Lighter weight in every pair – yet full protection.

Fast color linings!

Gaytees Ad, November 1928, Delineator

Gaytees Ad, November 1928, Delineator

These are “Tailored Overshoes” because they are worn over your normal shoes. “See the style show of 1929 Gaytees at your own shoe store. Then, when you buy your Fall shoes, ask to have them fitted with the Gaytees that match your new Fall costume.”

Gaytees Ad, December 1928, Delineator

Gaytees Ad, December 1928, Delineator

The text next to Gaytees worn with a chiffon evening gown (right) says, “Fast color linings. Gaytees won’t rub off on the sheerest evening stockings or the lightest colored evening slippers. And the pointed back adds slimness as well as extra spatter protection….

“Your shoeman will be glad to show you the 1929 Gaytees. Let him fit a pair on your slim ankles. See how snugly they hug the new shoe styles; how well they harmonize with your Winter costumes.” Prices “from $2.50 to $6.” Gaytees usually fastened with snap fasteners, but even when they closed with a ‘slide fastener,’ the ads couldn’t call it a ‘zipper’ because of . . . .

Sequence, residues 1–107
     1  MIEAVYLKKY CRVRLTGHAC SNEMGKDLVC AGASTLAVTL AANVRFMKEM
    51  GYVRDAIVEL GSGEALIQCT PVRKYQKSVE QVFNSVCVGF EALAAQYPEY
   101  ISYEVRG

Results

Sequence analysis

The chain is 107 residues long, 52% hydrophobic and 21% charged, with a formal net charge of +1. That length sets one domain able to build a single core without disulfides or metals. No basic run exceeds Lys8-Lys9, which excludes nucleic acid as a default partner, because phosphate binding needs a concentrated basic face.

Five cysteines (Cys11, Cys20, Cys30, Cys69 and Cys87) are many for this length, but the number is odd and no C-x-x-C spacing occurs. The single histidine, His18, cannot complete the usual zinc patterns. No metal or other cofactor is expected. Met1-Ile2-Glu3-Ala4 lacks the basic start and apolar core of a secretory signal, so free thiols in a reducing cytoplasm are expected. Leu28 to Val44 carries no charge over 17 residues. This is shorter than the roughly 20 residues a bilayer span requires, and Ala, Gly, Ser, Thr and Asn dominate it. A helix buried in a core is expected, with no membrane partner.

B.F. Goodrich Company’s Zippers

B.F. Goodrich Zipper Ad, July 1928

B.F. Goodrich Zipper Ad, July 1928

In 1921, the B.F. Goodrich Company had quietly begun experimenting with rubber boots that closed with slide fasteners from the Hookless Fastener Company. There were problems to overcome, but by 1922 Goodrich had launched their “Mystik Boots,” which closed with Hookless slide fasteners instead of snaps or buckles. They were such an immediate success that B.F. Goodrich Company asked Hookless for exclusive rights to use their fasteners. In 1923, the Mystik Boot was renamed, to draw attention to the ease with which they were put on and taken off.

“What we need is an action word,” said company president Bertram G. Work, “something that will dramatize the way the thing zips.” He quickly added, “Why not call it the zipper?” – from The Evolution of Useful Things, by Henry Petroski, p. 111.